Merger and its aftermath
Upon the merger (the legal term was “consolidation”) of the Unitarians and Universalists in 1961, two different forms of associationism had to merge. I find it significant that some of the old Universalist state conventions determinedly maintained their separate corporate identity; such a thing was not practically possible in more centralized Unitarian form of associationism. This also reveals something of the associational rigidity that the Universalists had fallen into; they could not let go of old associational structures; and this does not compare well with the associational innovation of the Unitarians at that time.
The merger of the two forms of associationism proved awkward at best. The Universalists felt like they were being taken over, and from an asosciational point of view that was true. The Unitarians, for their part, forgot to keep on innovating. Dana Greeley, the Unitarian who took over the presidency of the new Unitarian Universalist Association (UUA), acted as if the 1950s were never going to end: he ignored signs that economic growth in the United States was slowing, and he was unable to deal effectively with the changes in society that confronted him, most notably when the Black Power movement came to the UUA. The 1970s were a period of serious decline in the UUA, as the 1950s associational models proved incapable of handling the new society that was emerging: it was not longer enough to start more fellowships and centralize curriculum development; something else had to change.
The first great innovation in the newly-formed Unitarian Universalist Association was second-wave feminism. Second-wave feminism forced Unitarian Universalists to implement profound changes in the way they associated with one another. It was no longer acceptable for an older white man to consolidate power so that he could make executive decisions on his own, the way Samuel Atkins Eliot and Dana Greeley had done. Second-wave feminist associationism emphasized processes in which more voices, particularly the voices of women, could be heard during the decision making process. At its most fully developed, second-wave feminist associationism required consensus decision-making where no decision could be made unless everyone concerned agreed to the decision.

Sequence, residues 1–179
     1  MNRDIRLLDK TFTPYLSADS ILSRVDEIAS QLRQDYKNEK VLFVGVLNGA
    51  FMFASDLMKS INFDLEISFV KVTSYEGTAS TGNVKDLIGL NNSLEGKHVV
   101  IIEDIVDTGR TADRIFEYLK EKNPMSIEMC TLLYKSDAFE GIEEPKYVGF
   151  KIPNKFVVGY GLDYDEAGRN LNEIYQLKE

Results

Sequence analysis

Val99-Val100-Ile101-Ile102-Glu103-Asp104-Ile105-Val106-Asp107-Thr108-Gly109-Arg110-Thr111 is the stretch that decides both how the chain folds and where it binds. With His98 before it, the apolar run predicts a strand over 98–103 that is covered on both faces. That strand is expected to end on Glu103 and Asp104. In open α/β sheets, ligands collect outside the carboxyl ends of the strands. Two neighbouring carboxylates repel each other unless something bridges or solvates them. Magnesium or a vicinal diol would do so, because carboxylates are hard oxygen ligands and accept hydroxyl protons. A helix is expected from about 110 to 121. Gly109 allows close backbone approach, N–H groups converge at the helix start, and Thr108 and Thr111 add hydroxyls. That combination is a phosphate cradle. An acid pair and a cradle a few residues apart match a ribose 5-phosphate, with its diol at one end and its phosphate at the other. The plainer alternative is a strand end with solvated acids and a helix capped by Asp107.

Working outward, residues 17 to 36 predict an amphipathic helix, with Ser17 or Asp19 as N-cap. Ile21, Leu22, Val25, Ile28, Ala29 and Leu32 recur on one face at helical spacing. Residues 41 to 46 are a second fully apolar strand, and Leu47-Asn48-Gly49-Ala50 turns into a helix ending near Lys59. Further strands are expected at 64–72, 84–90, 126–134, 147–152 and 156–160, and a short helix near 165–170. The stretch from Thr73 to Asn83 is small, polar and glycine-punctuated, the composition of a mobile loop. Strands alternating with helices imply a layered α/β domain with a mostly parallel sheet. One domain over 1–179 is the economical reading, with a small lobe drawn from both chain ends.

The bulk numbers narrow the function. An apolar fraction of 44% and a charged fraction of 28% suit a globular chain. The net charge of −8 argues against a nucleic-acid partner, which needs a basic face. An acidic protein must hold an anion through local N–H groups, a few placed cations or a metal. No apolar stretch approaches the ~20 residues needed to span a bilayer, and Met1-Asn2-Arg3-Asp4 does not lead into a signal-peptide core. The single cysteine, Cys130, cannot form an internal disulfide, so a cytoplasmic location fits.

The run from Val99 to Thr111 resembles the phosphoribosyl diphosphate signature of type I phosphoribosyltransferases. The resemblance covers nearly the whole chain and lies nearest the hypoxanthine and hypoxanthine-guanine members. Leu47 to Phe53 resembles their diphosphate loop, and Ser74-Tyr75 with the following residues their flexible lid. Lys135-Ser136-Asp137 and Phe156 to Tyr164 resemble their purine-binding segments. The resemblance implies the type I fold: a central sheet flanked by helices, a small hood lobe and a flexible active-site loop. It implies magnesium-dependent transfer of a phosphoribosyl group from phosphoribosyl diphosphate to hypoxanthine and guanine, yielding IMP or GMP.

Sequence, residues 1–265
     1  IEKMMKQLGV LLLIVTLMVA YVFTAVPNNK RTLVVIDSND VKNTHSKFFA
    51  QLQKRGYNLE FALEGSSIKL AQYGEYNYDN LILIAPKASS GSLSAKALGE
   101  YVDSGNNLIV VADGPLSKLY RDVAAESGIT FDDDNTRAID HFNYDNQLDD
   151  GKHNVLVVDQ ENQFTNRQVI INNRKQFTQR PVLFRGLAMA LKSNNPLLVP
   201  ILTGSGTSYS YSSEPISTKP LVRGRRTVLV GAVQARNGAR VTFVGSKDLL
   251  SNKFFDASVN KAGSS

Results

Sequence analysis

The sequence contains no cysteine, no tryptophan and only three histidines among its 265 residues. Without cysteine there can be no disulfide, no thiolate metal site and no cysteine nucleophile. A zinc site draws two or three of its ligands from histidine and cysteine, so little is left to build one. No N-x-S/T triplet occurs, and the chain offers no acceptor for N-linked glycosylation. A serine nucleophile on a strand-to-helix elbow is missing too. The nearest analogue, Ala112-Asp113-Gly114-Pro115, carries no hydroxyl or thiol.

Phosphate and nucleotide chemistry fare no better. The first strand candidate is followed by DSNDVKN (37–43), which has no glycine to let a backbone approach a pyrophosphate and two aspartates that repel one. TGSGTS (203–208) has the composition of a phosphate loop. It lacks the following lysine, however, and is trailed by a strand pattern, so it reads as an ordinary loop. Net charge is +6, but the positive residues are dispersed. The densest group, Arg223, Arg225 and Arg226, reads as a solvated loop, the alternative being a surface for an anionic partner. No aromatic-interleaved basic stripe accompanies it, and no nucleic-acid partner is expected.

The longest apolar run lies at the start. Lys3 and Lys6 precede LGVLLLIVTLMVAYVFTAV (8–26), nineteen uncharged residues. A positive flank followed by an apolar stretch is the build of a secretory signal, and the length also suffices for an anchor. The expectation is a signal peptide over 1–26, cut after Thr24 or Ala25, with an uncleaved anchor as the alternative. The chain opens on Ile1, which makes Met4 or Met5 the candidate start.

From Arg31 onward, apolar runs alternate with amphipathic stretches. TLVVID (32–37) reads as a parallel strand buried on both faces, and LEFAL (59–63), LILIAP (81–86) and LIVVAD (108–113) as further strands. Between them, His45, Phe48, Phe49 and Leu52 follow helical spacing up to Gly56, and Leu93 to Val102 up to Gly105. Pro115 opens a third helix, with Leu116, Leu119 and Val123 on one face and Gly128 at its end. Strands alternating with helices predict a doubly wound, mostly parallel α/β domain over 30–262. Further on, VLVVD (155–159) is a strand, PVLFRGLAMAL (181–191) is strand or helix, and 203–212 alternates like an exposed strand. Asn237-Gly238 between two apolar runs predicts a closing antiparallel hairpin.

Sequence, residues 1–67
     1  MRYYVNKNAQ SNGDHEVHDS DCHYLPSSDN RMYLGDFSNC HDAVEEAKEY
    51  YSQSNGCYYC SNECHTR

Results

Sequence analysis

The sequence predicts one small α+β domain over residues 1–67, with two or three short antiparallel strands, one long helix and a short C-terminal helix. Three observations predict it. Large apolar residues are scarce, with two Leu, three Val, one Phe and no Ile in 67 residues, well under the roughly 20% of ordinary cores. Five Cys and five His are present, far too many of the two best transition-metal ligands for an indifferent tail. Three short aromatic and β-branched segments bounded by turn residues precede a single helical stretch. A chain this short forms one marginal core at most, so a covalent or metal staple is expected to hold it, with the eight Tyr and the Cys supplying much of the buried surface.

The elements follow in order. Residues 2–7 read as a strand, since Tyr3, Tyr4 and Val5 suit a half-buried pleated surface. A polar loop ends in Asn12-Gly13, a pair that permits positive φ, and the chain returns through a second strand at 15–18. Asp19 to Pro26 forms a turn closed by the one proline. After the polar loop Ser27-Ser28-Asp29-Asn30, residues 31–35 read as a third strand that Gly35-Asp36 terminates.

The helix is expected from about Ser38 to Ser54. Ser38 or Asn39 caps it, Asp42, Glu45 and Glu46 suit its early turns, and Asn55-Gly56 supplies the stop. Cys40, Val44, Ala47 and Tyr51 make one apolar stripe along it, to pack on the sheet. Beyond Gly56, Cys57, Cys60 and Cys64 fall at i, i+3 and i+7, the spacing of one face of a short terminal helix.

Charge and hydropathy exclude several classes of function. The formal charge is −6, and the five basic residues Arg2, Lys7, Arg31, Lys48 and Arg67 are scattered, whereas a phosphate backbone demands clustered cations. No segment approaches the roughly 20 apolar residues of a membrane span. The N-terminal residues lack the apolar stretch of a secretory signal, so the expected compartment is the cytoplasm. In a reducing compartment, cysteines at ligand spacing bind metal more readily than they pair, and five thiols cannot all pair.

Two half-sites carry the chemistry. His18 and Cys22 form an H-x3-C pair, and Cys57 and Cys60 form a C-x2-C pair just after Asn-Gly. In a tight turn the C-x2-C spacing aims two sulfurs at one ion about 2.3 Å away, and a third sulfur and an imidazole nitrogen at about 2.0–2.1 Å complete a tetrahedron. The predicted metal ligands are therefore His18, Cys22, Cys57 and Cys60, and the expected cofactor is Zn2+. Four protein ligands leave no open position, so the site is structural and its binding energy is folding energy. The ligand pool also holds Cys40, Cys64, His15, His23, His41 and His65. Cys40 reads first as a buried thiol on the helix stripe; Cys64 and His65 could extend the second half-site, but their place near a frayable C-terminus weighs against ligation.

Second-wave feminist associationism completely changed the face of Unitarian Universalism. By forcing the full inclusion of women in the religious associations, it opened the door so that other marginalized groups could be more fully included: gays and lesbians first, then African Americans, then other people of color, and so on. The egalitarianism implicit in second-wave feminist associationism harks back to the egalitarianism that emerged in the earliest Universalist and proto-Unitarians in the late 18th century.
But second-wave feminist associationism had weaknesses. Designed originally by and for middle-class educated white women, second wave feminism did not work as well for working class women and women of color (nor did it work as well for men of color, some GLBTQ persons, non-Anglophones, etc.), who still got shut out of full participation in Unitarian and Universalist religious associations. Consensus, one of the key innovations of second wave feminism, has proved particularly troublesome: consensus is too easily manipulated by powerful articulate educated moneyed people. Political correctness has proved to be a double-edged sword: while political correctness can protect vulnerable persons and groups, charges of political incorrectness can shut down proposed innovations instead of appropriately modifying them (I suspect fear of political correctness has led to a certain rigidity of thought and lack of innovation among moneyed white people, which was certainly not its original intent).